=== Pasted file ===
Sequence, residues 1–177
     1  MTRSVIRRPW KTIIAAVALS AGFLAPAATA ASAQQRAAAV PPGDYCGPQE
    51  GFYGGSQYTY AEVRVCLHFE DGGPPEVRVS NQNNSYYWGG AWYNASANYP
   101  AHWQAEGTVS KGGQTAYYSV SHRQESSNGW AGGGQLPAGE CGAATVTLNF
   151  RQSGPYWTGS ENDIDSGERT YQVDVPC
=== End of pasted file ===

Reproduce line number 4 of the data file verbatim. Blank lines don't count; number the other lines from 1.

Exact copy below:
   101  AHWQAEGTVS KGGQTAYYSV SHRQESSNGW AGGGQLPAGE CGAATVTLNF